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Tapered Towers by Louisiana's Victor “Trey” Trahan to Rise in Northeast China

By Fred A. Bernstein
This article originally appeared in the Chinese edition of Architectural Record.
August 21, 2012
Tapered Towers to Rise in Northeast China
Image courtesy Trahan Architects

Victor “Trey” Trahan may be the best-known architect in Baton Rouge, Louisiana (130 kilometers northwest of New Orleans), where his firm has built cultural, academic, and religious buildings of unusual clarity and grace. But an architect, he says, “has to go where the work is.” So last year, Trahan sent one of his employees to establish a small office in Shenyang—a "second-tier" city in northeast China, but one that is very large compared to cities in the United States and is 40 times bigger than Baton Rouge. (Trahan decided to skip Beijing and Shanghai, because they are already served by many other American architecture firms).

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Trahan's Shenyang-based employee, Teddy Tu, presented the firm’s portfolio to developers and local design institutes. Soon the firm was invited to participate in a paid competition to design a 408,775-square-meter, mixed-use development in Zhengzhou for the Henan Hongguang Industry Group. Trahan's proposal was selected and is now moving through the approvals process. The project is scheduled to break ground next year, becoming Trahan’s first in China. It is projected to cost $880 million.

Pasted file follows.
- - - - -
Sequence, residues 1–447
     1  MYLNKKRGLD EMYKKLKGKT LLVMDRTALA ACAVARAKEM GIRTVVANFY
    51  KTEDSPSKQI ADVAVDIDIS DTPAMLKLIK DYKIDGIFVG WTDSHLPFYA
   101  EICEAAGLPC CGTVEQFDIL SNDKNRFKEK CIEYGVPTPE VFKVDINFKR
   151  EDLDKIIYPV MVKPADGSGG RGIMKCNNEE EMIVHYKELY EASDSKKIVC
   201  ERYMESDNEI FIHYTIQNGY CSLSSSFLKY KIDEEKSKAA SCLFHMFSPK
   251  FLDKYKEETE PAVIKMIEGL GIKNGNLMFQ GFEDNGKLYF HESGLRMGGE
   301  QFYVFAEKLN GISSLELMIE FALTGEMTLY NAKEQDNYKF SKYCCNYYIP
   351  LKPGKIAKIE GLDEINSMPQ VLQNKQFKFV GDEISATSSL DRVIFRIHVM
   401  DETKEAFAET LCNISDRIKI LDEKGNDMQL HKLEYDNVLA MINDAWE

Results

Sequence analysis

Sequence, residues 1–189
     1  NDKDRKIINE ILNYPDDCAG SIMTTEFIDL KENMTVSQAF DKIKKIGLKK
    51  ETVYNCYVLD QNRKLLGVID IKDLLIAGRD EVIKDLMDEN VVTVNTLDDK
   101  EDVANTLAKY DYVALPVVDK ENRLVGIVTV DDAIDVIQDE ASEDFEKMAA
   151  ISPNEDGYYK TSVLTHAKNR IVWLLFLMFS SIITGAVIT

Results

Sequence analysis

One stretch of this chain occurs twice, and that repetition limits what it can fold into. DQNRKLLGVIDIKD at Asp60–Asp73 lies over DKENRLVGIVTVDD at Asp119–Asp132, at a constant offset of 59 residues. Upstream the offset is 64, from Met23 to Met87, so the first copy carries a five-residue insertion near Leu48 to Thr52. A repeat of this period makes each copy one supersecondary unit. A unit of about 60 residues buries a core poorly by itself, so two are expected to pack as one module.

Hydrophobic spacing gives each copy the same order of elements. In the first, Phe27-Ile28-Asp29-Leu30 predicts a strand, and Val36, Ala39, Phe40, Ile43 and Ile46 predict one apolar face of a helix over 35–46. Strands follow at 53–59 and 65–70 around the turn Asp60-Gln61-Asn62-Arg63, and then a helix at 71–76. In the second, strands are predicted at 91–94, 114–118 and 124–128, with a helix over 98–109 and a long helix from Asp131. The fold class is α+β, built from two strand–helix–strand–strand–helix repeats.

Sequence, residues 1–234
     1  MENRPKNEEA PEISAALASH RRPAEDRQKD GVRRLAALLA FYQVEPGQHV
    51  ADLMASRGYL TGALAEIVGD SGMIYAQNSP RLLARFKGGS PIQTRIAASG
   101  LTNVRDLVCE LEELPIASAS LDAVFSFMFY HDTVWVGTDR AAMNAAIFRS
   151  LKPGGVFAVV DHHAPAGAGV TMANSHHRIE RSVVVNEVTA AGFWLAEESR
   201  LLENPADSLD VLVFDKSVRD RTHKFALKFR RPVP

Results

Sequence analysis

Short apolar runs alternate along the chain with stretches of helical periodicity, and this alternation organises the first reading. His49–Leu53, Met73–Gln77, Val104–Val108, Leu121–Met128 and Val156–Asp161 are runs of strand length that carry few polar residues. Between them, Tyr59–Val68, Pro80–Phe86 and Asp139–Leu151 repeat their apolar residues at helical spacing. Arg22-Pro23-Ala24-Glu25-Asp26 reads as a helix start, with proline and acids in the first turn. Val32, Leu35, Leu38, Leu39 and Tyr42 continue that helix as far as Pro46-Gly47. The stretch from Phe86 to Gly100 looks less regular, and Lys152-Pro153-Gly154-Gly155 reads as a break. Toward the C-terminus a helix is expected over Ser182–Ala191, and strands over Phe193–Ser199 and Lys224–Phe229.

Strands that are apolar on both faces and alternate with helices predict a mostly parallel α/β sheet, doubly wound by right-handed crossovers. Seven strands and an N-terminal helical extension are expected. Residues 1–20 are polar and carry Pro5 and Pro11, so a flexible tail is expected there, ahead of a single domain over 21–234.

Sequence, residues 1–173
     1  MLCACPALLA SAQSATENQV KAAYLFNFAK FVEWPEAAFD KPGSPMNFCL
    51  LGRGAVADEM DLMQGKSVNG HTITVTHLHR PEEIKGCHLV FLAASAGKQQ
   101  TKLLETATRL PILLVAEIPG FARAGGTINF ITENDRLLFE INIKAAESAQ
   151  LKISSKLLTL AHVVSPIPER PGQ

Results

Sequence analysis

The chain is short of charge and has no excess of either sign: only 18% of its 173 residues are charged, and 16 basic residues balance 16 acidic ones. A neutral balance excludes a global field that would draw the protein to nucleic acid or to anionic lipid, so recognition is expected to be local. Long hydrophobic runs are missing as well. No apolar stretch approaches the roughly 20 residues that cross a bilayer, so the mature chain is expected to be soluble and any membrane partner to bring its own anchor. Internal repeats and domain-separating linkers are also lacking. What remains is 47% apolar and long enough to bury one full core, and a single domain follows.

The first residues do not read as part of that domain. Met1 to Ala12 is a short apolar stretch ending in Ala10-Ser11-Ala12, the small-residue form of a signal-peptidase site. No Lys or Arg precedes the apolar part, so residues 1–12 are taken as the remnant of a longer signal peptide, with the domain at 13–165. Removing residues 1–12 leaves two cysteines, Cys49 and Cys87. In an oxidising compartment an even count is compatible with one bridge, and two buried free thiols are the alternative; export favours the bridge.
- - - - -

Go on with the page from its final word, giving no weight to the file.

Trahan’s elegant plan calls for three tapered towers—a 47-story hotel and two 27-story condo and office buildings—rising from a seven-story retail podium. In the gaps between the towers, the podium steps back from the street so that its planted terraces can draw visitors up to a park-like inner sanctum. Design influences on the project include not only New York City's Rockefeller Center—which is famous for its roof gardens—but also the terracing seen in rural areas of China.

As they rise from the podium, the buildings swoop gracefully - an effect that Trahan says will be accomplished by modifying the formwork from floor to floor, as the concrete is poured. The idea he explains, is to make each level—and the views from each level—unique. "If you live here and visit another unit, or if you return to the hotel for a second time," he says, "you should have a richer experience than just being a few feet higher or lower.”

The development is on a triangular site, near the Erqi Tower, a 27-floor double pagoda built in 1971 that is popular with visitors to Zengzhou. Trahan's trio of graceful, snow white towers, could soon join the double pagoda as one of the city’s most important attractions.

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